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Fall 2004, Vol. 1, No. 2

Book Review

Mark Tabb, Mission to Oz: Reaching Postmoderns Without Losing Your Way
(Chicago, IL: Moody Publishing, 2004). 153 pages.

Reviewed by Randy C. Walls, D.Min.
Director of Continuing Education, Assemblies of God Theological Seminary.

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Using Frank L. Baum’s The Wonderful Wizard of Oz as his metaphor, Mark Tabb, veteran pastor (First Baptist Church in Knightstown, IN) and author, challenges the reader to engage in the mission to contemporary culture while maintaining fidelity to Christian faith. Written in an easy to read format, the book explores the basics of postmodernity without overloading the reader with technical jargon or esoteric concepts. Tabb provides enough understanding to help the average person recognize the challenge of ministry in a center-less culture by centering in on the authentic truth of the gospel.

What this reviewer found most refreshing was Tabb’s steadfast commitment to a radical, Cross-centered gospel that demands complete obedience to the spiritual, moral and ethical implications of following Christ. This radical edge often is watered down in contemporary authors’ attempt to be relevant. Not so with Tabb. He lays it out about as straight as any author writing on postmodernity and ministry today: “The Cross reveals the world to a land that doesn’t believe reality exits” (93).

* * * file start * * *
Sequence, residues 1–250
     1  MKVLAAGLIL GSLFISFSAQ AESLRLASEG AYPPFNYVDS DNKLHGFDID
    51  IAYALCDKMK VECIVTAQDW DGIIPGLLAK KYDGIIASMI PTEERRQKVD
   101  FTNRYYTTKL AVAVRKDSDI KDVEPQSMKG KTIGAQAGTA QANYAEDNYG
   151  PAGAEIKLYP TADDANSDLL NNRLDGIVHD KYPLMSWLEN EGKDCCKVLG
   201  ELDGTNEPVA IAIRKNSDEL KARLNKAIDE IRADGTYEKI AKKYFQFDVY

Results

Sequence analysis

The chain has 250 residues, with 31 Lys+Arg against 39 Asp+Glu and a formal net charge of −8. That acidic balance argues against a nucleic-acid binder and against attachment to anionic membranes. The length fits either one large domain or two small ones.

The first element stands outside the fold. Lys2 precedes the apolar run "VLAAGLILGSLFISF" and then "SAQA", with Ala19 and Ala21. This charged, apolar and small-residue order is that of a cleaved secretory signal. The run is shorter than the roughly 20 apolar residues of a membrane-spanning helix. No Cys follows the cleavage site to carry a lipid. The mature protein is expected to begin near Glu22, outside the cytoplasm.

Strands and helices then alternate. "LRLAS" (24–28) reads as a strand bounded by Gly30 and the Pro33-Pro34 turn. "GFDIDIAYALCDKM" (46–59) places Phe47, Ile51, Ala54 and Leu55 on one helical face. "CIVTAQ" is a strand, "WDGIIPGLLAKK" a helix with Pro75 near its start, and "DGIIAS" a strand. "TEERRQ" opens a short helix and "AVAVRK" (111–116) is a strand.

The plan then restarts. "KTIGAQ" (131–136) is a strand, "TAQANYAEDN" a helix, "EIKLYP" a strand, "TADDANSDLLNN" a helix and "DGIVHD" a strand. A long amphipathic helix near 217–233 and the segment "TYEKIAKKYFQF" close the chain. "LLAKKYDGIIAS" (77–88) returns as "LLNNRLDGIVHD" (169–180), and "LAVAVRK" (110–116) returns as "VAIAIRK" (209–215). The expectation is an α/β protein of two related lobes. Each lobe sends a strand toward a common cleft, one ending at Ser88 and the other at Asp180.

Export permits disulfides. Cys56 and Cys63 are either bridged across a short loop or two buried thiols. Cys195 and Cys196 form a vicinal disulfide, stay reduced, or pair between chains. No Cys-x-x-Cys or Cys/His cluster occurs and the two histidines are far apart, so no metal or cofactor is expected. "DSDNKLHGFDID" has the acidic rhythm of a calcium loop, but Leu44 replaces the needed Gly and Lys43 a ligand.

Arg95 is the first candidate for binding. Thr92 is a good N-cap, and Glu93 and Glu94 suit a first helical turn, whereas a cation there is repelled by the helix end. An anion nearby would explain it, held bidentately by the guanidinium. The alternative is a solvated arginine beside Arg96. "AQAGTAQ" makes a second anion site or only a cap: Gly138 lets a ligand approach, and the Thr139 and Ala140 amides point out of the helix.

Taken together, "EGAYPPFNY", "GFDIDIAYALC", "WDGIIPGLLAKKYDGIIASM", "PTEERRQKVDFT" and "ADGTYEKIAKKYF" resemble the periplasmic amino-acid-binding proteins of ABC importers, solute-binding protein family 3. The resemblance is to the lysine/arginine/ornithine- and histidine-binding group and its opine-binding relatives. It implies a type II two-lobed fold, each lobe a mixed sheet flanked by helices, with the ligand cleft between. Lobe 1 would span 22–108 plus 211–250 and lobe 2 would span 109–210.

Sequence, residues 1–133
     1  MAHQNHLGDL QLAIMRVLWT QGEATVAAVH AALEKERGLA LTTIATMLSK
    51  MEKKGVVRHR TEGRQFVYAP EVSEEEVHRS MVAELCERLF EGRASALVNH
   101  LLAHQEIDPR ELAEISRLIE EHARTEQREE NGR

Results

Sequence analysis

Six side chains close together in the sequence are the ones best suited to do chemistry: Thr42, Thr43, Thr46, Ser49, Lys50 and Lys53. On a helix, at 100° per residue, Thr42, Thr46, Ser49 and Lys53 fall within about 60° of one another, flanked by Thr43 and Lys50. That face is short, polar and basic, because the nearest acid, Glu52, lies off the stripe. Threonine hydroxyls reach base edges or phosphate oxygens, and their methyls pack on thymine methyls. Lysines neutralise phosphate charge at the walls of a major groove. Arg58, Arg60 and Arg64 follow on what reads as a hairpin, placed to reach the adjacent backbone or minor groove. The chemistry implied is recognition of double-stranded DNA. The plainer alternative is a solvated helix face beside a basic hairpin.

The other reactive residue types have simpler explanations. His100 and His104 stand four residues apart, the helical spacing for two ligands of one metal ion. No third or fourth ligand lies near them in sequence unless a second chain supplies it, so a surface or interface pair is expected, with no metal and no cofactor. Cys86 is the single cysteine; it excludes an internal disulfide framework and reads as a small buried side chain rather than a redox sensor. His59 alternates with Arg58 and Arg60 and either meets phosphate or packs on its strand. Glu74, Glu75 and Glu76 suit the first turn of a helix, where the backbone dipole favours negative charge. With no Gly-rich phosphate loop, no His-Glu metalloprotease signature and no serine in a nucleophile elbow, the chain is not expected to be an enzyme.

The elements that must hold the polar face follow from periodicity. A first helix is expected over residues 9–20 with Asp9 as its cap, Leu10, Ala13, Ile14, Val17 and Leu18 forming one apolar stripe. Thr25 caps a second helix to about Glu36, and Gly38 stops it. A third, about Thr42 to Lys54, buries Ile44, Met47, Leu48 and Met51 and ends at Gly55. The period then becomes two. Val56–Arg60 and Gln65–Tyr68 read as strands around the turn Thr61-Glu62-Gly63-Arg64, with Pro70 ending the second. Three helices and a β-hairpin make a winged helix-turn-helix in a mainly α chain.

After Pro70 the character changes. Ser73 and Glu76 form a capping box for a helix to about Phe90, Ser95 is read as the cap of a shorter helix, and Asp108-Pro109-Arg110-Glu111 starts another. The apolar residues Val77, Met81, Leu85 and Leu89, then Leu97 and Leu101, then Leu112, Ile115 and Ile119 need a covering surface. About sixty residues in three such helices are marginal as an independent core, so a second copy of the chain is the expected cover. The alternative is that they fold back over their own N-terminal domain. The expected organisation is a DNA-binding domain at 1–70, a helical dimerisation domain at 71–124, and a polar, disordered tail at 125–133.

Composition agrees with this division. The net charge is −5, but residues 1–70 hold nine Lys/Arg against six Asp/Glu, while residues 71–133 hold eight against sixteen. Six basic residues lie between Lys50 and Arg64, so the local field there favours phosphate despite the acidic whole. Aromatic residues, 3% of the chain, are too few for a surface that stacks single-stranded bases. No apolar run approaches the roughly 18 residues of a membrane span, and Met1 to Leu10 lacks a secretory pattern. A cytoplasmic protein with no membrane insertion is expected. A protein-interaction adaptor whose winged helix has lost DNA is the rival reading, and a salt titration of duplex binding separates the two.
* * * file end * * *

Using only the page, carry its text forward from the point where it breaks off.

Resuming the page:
Perhaps just as refreshing is Tabb’s insistence that the only way to affect culture is to engage it. He recommends using contemporary culture’s images and words as it attempts to define its god in movies and music. He equates this methodology with that of Paul in Athens (Acts 17). “Ideas and questions about God and sin and the Bible and salvation permeate expressions of popular culture…[but]…[w]e must be careful that we do not use the prospects of engaging in dialogue with the culture as an excuse to indulge our flesh” (131). In this statement, Tabb’s missional and pastoral concerns arise. Being in the world means participating in the lives of people bound by its culture as we faithfully live out our lives with Christ.

The appendix provides several resources for further study and a great cultural exegesis tool suggests we should ask of our culture that will serve as the bridge to presenting the gospel. I highly recommend this book for its simple exposition of a challenging topic and its passionate call for missionaries to a postmodern world.

Updated: Tuesday, January 18, 2005 10:49 AM